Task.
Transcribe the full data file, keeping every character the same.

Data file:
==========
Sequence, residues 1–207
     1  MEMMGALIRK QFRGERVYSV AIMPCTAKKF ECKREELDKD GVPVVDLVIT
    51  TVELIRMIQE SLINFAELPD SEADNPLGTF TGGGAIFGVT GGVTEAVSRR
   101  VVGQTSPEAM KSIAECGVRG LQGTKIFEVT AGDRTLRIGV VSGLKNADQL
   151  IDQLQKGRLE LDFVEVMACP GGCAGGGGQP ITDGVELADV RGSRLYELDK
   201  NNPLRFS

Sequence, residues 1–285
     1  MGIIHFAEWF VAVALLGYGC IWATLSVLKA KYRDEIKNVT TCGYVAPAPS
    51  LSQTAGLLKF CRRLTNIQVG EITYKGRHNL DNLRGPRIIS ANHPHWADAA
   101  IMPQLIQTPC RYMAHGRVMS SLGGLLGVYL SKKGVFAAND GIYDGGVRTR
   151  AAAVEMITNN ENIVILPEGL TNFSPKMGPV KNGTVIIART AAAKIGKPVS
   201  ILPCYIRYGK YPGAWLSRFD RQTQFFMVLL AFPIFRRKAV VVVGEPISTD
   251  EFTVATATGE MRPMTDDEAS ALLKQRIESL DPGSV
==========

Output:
Sequence, residues 1–207
     1  MEMMGALIRK QFRGERVYSV AIMPCTAKKF ECKREELDKD GVPVVDLVIT
    51  TVELIRMIQE SLINFAELPD SEADNPLGTF TGGGAIFGVT GGVTEAVSRR
   101  VVGQTSPEAM KSIAECGVRG LQGTKIFEVT AGDRTLRIGV VSGLKNADQL
   151  IDQLQKGRLE LDFVEVMACP GGCAGGGGQP ITDGVELADV RGSRLYELDK
   201  NNPLRFS

Sequence, residues 1–285
     1  MGIIHFAEWF VAVALLGYGC IWATLSVLKA KYRDEIKNVT TCGYVAPAPS
    51  LSQTAGLLKF CRRLTNIQVG EITYKGRHNL DNLRGPRIIS ANHPHWADAA
   101  IMPQLIQTPC RYMAHGRVMS SLGGLLGVYL SKKGVFAAND GIYDGGVRTR
   151  AAAVEMITNN ENIVILPEGL TNFSPKMGPV KNGTVIIART AAAKIGKPVS
   201  ILPCYIRYGK YPGAWLSRFD RQTQFFMVLL AFPIFRRKAV VVVGEPISTD
   251  EFTVATATGE MRPMTDDEAS ALLKQRIESL DPGSV